Tuesday, March 14, 2017

Warrior Culture vs. the Ideal of Cincinnatus

The wake of the spreading Marines United scandal, which now encompasses all four branches of the U.S. military provides yet another good opportunity to discuss the best archetypes on which to model military service. After the 2003 invasion of Iraq exposed the unpreparedness of some support and combat support personnel to defend themselves against insurgents operating in rear areas, the Department of Defense adopted the model of the "warrior" as a means to emphasize the skills and attitudes that military leaders believed were necessary to successfully fight the war. That led to increased focus on hand-to-hand combat (called "combatives" by the Air Force), weapons training, and an emphasis on grit and dedication to mission completion. These features of what became known as "warrior culture" were what many observers had expected of service members regardless of war or peace, so it was surprising that all four branches felt the need to "return" to this mindset, which seems familiar in light of the Ranger Creed, which was a significant part of my ROTC experience during the early 1990s.

Warrior culture also includes some concepts that don't seem to fit with modern warfare, discipline in the ranks, self-sacrifice for the greater good rather than maintenance of personal position, and the creation of a privileged class who bear arms. As Angry Staff Officer notes, the embrace of warrior culture by the U.S. military and sixteen years of warfare have the side-effect of placing "warriors," especially those in the SOF community on a pedestal. It also has led some members of the military to embrace outmoded past models of warriors such as the Spartans or Crusaders without any careful consideration of the origins and uses of those models. Spartans were the top level of a society that valorized military service above all other endeavors, in which warriors depended upon the work of slaves. Angry Staff Officer also discusses some of the more unsavory features of Spartan society. If the Spartan focus on the military sounds grand to you, more research than reading or watching Frank Miller's 300 is in order.

Crusaders similarly relied on the downtrodden portions of medieval European society, They received rank and privileges based on agreeing to bear arms for their social superiors and to protect the civilians living on their fiefs. Knights sat in judgment over the people on their lands, collected fees, rents, and labor from them, and were supposed to protect them. The relationship between lords, vassals, and serfs was bounded by a kind of medieval constitutionality, defined by contract. Reality was quite different from the ideal, and peasants were usually at the mercy of the armored knight and his henchmen unless they managed to run away to a city and managed to live their unmolested for a year and a day (Stadtluft macht frei nach Jahr und Tag). Like the warriors of Sparta, medieval knights provide a poor model for the modern American military because, as Angry Staff Officer argues, neither group was based on a society with the values of freedom and liberty that form the core of American democracy.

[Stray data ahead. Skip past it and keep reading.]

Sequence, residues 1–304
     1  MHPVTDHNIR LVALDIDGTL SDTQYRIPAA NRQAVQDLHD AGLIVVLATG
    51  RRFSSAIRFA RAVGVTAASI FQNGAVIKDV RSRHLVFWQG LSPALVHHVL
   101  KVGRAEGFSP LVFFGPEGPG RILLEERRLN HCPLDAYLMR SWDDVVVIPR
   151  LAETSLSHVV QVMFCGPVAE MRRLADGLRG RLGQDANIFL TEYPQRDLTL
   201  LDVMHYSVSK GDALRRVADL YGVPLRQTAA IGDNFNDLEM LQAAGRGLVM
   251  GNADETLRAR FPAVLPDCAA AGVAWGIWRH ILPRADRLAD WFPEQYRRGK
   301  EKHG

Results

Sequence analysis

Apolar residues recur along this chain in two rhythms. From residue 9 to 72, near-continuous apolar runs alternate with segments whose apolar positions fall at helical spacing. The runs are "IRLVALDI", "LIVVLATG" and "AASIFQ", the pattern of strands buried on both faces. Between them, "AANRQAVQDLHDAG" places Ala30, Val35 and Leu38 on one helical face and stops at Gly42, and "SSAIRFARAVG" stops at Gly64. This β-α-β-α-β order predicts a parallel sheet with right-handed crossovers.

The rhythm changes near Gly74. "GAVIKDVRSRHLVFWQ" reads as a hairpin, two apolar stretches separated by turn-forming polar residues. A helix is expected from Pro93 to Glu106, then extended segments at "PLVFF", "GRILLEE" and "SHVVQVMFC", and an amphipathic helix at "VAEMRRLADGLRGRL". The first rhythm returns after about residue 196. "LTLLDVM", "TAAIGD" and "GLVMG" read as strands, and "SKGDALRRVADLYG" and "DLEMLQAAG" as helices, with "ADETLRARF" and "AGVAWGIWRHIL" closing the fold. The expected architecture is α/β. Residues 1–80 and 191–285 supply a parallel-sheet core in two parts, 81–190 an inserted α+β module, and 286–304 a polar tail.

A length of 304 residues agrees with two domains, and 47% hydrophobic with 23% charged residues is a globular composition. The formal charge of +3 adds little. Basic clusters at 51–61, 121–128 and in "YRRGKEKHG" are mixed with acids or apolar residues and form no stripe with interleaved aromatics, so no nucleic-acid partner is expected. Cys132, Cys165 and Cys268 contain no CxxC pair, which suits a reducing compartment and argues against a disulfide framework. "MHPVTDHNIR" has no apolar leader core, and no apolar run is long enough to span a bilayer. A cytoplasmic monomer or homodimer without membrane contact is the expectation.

Philosopher Maurine Kaurin also offers a critique of both warrior culture and Marines United by arguing that Marines United is based on the flawed ideal of the Entitled Warrior, who demands special privileges, including sexual privileges, based on carrying arms and fighting for the state. Membership in the warrior caste is the exclusive purview of heterosexual men according to these Entitled Warriors, helping explain their resistance to the inclusion of women and LGBTQ soldiers in the ranks, These Entitled Warriors cannot even admit to the possibility that spreading explicit photos and videos of female service members are a violation of professional ethics and values because they don't consider those women as being their equals despite having shared experiences of war. So much does any critique of these practices injure their pride that the Entitled Warriors respond with death threats against even other male service members who oppose them.